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Focus on your Talent : The Importance of Succession Management

by Tracy Duberman

Focus on your Talent : The Importance of Succession Management

Developing strong talent and building bench strength within an organization’s workforce enhances the financial value of an organization.1 However, the market has been faced with a talent shortage, leaving key roles unfilled or filled with personnel not fit for the position.2,3 This requires a strategic approach to succession management, that includes:

  • Creating a continuous pool of strong talent
  • Aligning people with the most appropriate roles
  • Enabling a business to successfully adapt and change
  • Engaging talent by developing them and allowing them to contribute
  • Enhancing employee satisfaction and engagement
  • Improving bottom-line performance through:
    • Lower turnover/Improved retention
    • Cost savings
    • Higher performance benchmark

Although succession management has been identified as a critical component for business success, organizations often fall short of “doing it right” for a number of reasons:

  • Organizations do not allocate substantial resources to developing talent, in part due to the lack of focus, attention, alignment, support and attention from senior leadership.3
  • Often succession management is not tied to the strategic mission of the organization or integrated into the culture.
  • Succession management is viewed as a one-time event vs. a process.
  • Organizations demonstrate a lack of follow through on development plans.
  • Too much weight is given to past performance vs. potential when identifying successors.
  • Companies are too often focused on hiring from outside rather than promoting internally.

By following these simple steps, organizations can reap the tremendous rewards of a structured succession management process.

  1. Talent Needs Assessment.Develop success profile(s) for the role(s) with a future-oriented perspective. Start by developing a future-based competency model that identifies necessary skills and experiences needed to meet the demands of the role, as well as leadership expectations and behavioral competencies critical to success in the position. Examples of future based competencies include strategic thinking, resiliency, inspiring and developing others, creativity and innovation.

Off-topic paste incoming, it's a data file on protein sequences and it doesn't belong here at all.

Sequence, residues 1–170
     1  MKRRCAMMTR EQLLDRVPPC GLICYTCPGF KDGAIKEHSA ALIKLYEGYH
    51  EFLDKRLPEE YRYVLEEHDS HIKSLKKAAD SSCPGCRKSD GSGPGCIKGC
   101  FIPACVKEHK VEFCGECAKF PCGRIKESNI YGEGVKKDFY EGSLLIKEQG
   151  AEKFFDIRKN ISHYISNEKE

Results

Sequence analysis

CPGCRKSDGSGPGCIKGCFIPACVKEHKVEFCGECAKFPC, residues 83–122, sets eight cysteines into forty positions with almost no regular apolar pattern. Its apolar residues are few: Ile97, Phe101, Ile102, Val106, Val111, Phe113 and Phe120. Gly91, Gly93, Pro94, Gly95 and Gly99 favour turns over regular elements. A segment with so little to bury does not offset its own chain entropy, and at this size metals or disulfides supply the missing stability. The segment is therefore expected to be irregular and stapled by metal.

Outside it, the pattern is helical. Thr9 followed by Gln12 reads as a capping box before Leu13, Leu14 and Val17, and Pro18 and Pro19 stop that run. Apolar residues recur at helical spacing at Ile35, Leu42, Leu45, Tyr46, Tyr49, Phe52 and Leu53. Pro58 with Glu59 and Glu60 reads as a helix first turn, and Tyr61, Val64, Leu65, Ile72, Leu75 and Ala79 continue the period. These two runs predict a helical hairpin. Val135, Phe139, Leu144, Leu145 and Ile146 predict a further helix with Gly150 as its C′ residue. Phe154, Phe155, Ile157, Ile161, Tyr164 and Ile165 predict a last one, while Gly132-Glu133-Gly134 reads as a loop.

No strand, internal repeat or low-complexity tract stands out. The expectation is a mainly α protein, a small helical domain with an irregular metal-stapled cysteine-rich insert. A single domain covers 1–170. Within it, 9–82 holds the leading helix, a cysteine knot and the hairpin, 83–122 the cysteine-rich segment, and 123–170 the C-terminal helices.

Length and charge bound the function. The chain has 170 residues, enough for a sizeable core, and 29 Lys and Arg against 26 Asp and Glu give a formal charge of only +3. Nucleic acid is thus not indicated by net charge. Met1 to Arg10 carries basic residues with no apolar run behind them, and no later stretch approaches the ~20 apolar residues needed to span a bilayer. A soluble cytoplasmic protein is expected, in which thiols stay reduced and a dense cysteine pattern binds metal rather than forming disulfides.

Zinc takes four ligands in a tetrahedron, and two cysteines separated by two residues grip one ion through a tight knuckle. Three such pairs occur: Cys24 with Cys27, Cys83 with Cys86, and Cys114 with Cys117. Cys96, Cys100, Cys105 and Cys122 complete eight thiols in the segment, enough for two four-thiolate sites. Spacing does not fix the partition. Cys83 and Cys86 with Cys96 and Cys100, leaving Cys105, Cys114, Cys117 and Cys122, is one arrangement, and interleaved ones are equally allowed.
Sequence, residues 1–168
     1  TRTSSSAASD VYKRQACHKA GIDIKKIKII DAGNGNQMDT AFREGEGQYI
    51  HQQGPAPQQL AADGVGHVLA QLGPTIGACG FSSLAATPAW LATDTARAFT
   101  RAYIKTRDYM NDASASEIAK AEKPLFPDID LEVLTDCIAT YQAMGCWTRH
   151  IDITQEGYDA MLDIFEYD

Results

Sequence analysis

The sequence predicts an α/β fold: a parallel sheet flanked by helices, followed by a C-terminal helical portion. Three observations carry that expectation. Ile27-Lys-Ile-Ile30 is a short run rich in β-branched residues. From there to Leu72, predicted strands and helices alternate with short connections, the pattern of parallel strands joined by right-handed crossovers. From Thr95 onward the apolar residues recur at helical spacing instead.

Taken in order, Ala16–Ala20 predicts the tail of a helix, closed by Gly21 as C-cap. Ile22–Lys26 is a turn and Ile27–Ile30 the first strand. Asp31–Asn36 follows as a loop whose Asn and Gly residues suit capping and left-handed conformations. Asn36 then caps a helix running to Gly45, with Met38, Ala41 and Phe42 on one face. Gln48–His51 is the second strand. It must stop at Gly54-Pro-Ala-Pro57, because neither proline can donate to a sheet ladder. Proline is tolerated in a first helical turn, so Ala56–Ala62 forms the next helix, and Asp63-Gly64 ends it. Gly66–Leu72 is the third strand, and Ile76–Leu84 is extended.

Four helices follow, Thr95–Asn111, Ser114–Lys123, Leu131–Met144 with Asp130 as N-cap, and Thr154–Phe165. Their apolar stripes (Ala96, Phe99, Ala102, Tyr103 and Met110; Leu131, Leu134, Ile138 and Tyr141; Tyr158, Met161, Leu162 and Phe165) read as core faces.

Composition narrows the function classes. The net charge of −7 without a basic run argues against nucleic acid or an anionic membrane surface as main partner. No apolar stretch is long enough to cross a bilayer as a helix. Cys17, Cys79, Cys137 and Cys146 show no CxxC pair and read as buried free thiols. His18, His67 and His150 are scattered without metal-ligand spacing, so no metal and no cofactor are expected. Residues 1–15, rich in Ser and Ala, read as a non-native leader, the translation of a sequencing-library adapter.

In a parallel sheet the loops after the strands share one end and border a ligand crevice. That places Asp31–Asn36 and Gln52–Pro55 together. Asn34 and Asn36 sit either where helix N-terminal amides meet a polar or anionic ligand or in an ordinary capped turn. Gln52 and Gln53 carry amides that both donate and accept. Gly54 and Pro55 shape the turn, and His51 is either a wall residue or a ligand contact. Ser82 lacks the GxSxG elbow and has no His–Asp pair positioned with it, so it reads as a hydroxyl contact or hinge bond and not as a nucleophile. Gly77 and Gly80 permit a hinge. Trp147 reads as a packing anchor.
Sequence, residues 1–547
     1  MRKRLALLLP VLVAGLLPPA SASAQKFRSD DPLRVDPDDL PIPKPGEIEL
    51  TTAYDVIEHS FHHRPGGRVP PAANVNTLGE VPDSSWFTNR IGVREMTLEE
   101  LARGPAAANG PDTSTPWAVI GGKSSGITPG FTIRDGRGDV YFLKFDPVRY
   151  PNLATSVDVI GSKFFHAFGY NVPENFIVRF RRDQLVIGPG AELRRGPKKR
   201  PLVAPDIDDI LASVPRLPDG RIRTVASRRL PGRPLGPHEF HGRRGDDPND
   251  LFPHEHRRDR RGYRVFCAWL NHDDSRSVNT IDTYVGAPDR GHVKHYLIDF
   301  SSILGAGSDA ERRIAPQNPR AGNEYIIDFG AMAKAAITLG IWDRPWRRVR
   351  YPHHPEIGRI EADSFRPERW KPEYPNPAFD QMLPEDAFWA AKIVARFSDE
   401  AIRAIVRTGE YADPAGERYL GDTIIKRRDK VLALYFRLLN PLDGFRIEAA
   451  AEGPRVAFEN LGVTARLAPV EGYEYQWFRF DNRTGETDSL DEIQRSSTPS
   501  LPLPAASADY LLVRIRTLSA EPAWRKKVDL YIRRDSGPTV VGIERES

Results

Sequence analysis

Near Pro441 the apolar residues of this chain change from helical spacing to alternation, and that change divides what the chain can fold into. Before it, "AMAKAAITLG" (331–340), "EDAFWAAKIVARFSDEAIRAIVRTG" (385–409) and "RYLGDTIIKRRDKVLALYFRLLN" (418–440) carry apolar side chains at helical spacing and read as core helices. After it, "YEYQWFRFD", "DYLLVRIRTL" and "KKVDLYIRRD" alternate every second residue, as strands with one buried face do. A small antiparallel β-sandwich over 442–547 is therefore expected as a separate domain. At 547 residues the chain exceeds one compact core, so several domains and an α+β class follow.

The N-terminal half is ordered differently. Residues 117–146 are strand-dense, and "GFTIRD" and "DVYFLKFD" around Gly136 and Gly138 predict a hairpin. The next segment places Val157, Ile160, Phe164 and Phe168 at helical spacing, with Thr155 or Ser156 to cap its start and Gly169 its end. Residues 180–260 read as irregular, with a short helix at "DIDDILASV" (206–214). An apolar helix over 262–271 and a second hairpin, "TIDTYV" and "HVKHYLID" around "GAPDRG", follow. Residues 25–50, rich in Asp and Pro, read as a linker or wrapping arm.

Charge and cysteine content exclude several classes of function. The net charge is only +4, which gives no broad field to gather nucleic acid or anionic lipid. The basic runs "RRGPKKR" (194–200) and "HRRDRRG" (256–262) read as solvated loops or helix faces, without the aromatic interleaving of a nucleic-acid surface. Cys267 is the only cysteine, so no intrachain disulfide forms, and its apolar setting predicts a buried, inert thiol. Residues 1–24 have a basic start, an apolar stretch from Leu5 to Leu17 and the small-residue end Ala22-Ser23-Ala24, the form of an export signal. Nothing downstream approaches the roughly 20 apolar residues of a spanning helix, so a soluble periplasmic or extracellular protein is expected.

2. Assess Talent. Using performance reviews, psychometric assessments, and 360-feedback, identify your high-potential candidates by categorizing your talent pool into the 9-box grid of Performance and Potential in Figure 1.

    Succession Management Graphic
  3. Conduct Talent Review.Selected assessors, to allow for multiple perspectives, should conduct a thorough assessment process to identify each candidates’ talent strengths and gaps, essential development experiences, and potential derailers to inform talent performance, development, and successor selection decisions.
  4. Development. Align individual development activities with organizational goals and values that aid in the transitioning process and are designed to address the individual’s performance gaps. Utilize multiple development modalities, such as 360-feedback, coaching, executive education programs, and on-the-job learning experiences.
  5. Monitor and Measure.Periodically check the progress of new successors at frequent intervals through Talent Review meetings and re-assess the predefined leadership competencies in order to focus efforts on developing specific areas in need of improvement. Talent development is a continuous process that requires ongoing feedback and support.

A critical success factor in any strategic management process is senior-level “buy-in” and involvement. Use specific metrics to evaluate the process, and draw clear distinctions between performance, potential, and readiness. In addition, the talent management process must be systematic and integrated within the culture of the organization and spread across all levels. A successful succession management process will build the talent pool to ensure the right talent is in the right place at the right time.




  1. Kochansi, J. & Rich, J. (1999). Win the talent war by raising the performance bar. American Compensation Association, 6-7.
  2. Wellins, R. S., Smith, A. S., & Erker, S. (2009). Nine best practices for effective talent management. Development Dimensions International, 1-14.
  3. Church, A.H. & Silzer, R. (2013). Going behind the corporate curtain with a blueprint for leadership potential: An integrated framework for identifying high-potential talent. People & Strategy Journal, 36(4). 50-58.


Tracy Duberman

Written by Tracy Duberman